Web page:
References edit

  1. ^ a b c d e f Gandhi, Maneka (1993). The Penguin Book of Hindu Names. Penguin Books India. ISBN 978-0-14-012841-3.
  2. ^ a b c d e f g h i j k Puranic Encyclopedia: A Comprehensive Work with Special Reference to the Epic and Puranic Literature.
  3. ^ a b Brockington, J. L. (1998). The Sanskrit Epics. Brill Academic. p. 26. ISBN 978-9-00410-260-6.
  4. ^ McGrath, Kevin (2004). The Sanskrit Hero: Karna in Epic Mahabharata. Brill Academic. pp. 19–26. ISBN 978-9-00413-729-5.
  5. ^ Chakravarti, Bishnupada (13 November 2007). Penguin Companion to the Mahabharata. Penguin UK. ISBN 978-93-5214-170-8.
  6. ^ a b "The Mahabharata, Book 1: Adi Parva: Sambhava Parva: Section LXVII". www.sacred-texts.com. Retrieved 13 February 2023.
  7. ^ a b c Ganguli, Kisari Mohan (10 January 2015). "The Thirteenth Day at Kurukshetra; The Death of Abhimanyu [Chapter 3]". www.wisdomlib.org. Retrieved 14 February 2023.
  8. ^ "Abhimanyu and the Battle of Kurukshetra". Radha Krishna Temple in Utah. 29 November 2009. Retrieved 9 August 2020.
  9. ^ "The Mahabharata, Book 4: Virata Parva: Go-harana Parva: Section LXXII".
  10. ^ Indrajit Bandyopadhyay (29 October 2008), "A Study In Folk "Mahabharata": How Balarama Became Abhimanyu's Father-in-law", Epic India: A New Arts & Culture Magazine, archived from the original on 17 February 2012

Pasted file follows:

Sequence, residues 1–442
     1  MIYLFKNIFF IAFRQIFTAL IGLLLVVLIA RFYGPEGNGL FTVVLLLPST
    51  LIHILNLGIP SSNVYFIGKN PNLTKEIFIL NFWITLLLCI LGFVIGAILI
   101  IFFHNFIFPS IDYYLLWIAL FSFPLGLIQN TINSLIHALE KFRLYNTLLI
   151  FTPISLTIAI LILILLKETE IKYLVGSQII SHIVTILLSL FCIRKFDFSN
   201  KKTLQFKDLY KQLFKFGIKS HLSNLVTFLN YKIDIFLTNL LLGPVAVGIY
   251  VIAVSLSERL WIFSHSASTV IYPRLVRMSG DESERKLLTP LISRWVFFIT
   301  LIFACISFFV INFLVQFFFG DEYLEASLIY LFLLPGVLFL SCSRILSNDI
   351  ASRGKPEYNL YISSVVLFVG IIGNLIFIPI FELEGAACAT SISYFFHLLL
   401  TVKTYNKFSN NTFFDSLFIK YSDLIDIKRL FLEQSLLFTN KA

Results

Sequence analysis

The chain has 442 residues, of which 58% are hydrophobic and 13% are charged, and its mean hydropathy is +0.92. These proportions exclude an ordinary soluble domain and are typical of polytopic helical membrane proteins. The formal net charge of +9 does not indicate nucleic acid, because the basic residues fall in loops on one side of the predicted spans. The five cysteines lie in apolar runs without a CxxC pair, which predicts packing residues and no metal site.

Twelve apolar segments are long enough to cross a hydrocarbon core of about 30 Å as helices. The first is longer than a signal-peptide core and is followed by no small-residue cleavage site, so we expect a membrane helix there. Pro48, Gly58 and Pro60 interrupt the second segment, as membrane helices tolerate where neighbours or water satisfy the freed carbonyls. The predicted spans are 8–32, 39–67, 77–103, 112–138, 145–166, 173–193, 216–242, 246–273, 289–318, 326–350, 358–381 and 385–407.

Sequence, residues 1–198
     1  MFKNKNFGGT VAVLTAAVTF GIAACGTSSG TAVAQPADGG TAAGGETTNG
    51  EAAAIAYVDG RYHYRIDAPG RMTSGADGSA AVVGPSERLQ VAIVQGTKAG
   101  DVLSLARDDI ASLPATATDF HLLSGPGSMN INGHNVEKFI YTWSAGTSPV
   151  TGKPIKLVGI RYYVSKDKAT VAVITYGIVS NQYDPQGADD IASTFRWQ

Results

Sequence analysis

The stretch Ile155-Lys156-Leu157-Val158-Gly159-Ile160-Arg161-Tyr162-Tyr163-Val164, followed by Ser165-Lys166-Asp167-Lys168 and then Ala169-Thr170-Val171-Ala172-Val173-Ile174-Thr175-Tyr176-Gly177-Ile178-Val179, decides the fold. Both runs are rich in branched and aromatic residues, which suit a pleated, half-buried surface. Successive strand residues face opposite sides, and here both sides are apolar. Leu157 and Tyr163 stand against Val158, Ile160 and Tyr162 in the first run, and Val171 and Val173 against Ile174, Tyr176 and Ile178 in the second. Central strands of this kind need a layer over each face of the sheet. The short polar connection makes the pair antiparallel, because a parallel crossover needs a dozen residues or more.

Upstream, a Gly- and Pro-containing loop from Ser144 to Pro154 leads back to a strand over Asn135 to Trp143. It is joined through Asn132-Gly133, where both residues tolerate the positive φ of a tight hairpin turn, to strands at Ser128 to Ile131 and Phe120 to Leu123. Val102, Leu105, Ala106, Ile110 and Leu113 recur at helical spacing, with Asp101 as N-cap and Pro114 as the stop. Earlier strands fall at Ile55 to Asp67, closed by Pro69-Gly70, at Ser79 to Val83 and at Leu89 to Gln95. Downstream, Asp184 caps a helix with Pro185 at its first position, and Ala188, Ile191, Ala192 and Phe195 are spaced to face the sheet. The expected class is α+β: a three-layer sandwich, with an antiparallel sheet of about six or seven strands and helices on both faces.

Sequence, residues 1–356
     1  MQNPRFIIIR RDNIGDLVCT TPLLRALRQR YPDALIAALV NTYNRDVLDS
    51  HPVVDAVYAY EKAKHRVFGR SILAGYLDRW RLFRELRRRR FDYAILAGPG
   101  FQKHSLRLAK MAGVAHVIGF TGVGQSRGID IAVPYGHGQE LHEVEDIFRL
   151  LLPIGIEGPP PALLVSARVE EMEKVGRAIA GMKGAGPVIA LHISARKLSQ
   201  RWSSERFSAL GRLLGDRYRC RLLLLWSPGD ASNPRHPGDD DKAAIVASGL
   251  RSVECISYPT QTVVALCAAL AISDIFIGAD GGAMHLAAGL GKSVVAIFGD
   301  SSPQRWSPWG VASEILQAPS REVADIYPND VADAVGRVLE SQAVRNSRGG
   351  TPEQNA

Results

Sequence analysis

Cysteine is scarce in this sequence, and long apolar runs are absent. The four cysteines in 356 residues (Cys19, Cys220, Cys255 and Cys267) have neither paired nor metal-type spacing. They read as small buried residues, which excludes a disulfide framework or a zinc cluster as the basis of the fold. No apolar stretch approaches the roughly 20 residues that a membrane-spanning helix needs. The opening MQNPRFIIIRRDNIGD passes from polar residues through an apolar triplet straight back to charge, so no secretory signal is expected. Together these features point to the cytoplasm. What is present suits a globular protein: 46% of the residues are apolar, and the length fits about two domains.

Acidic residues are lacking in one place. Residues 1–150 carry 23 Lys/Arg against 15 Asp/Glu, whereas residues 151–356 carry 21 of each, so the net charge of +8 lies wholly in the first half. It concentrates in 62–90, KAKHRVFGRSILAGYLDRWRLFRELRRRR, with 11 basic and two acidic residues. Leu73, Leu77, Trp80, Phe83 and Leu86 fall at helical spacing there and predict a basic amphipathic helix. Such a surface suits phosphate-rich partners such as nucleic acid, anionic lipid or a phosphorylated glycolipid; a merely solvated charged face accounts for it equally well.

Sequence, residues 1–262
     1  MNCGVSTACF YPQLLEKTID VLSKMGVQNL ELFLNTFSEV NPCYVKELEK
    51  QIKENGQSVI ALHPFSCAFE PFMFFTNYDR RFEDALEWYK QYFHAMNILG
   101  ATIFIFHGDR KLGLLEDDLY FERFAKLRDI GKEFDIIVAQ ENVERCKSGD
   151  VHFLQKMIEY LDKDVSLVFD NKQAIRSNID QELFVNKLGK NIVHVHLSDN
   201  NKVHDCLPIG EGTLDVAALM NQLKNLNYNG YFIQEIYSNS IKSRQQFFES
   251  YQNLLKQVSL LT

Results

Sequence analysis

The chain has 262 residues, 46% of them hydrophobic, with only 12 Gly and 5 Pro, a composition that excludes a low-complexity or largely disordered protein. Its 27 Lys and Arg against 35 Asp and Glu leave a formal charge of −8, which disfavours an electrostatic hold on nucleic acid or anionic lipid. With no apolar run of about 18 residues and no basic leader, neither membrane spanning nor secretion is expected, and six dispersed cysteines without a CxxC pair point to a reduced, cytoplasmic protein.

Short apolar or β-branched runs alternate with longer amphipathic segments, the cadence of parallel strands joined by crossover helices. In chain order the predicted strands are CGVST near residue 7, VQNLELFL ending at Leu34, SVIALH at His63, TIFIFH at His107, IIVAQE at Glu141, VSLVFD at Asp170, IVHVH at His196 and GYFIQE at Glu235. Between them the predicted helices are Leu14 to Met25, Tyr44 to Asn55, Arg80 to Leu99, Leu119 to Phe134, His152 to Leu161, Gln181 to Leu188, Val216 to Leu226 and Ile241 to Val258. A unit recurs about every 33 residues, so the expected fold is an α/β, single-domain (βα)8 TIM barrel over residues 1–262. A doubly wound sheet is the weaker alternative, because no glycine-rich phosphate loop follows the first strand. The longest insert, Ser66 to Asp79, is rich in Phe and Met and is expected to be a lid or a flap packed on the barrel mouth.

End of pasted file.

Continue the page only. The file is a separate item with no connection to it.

11. ^ Pattanaik, Devdutt (16 August 2010). Jaya: An Illustrated Retelling of the Mahabharata. Penguin UK. ISBN 978-81-8475-169-7.
  12. ^ "The Mahabharata, Book 5: Udyoga Parva: Uluka Dutagamana Parva: Section CLXXI". www.sacred-texts.com. Retrieved 14 February 2023.
  13. ^ "The Mahabharata, Book 7: Drona Parva: Abhimanyu-badha Parva: Section XXXI". www.sacred-texts.com. Retrieved 13 February 2023.
  14. ^ "Indian Navy Marine Commandos (MARCOS)". Boot Camp & Military Fitness Institute. 10 February 2017. Retrieved 30 August 2019.
  15. ^ "INS Abhimanyu | Indian Navy". www.indiannavy.nic.in. Retrieved 8 September 2019.
  16. ^ "Revisiting Mayabazar: How the opening scene sets the tone for this classic about two princes and a mischievous God". Firstpost. 10 January 2021. Retrieved 15 February 2023.
  17. ^ varma, lipika (6 May 2014). "Abhimanyu in Mahabharat will be loved: Paras Arora". Deccan Chronicle. Retrieved 15 February 2023.
  18. ^ "Kurukshetra will be epic, says Nikhil Kumar". The New Indian Express. Retrieved 15 February 2023.
  19. ^ Sri Guritno, Purnomo, Soimun HP (2002), Karakter Tokoh Pewayangan Mahabrata Seri v{{citation}}: CS1 maint: multiple names: authors list (link)
  20. ^ Agus Kurniawan, Mengenal Tokoh Wayang: Belajar Mengenal Tokoh Wayang Kulit "Seri A"
  21. ^ Amrih, Pitoyo, Tokoh Wayang Inspiratif

External links edit

  Media related to Abhimanyu at Wikimedia Commons